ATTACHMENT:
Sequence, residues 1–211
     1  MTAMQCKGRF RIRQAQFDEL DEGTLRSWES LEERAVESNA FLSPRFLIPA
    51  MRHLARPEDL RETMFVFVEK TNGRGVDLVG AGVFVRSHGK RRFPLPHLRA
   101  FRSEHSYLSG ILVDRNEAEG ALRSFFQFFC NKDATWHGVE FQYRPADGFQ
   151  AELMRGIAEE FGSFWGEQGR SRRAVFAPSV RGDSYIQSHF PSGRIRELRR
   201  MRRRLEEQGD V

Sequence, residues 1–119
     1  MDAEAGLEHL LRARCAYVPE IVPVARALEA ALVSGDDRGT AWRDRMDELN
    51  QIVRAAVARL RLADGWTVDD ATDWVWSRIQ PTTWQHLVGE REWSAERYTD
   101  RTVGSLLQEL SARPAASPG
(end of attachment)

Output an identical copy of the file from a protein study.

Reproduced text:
Sequence, residues 1–211
     1  MTAMQCKGRF RIRQAQFDEL DEGTLRSWES LEERAVESNA FLSPRFLIPA
    51  MRHLARPEDL RETMFVFVEK TNGRGVDLVG AGVFVRSHGK RRFPLPHLRA
   101  FRSEHSYLSG ILVDRNEAEG ALRSFFQFFC NKDATWHGVE FQYRPADGFQ
   151  AELMRGIAEE FGSFWGEQGR SRRAVFAPSV RGDSYIQSHF PSGRIRELRR
   201  MRRRLEEQGD V

Sequence, residues 1–119
     1  MDAEAGLEHL LRARCAYVPE IVPVARALEA ALVSGDDRGT AWRDRMDELN
    51  QIVRAAVARL RLADGWTVDD ATDWVWSRIQ PTTWQHLVGE REWSAERYTD
   101  RTVGSLLQEL SARPAASPG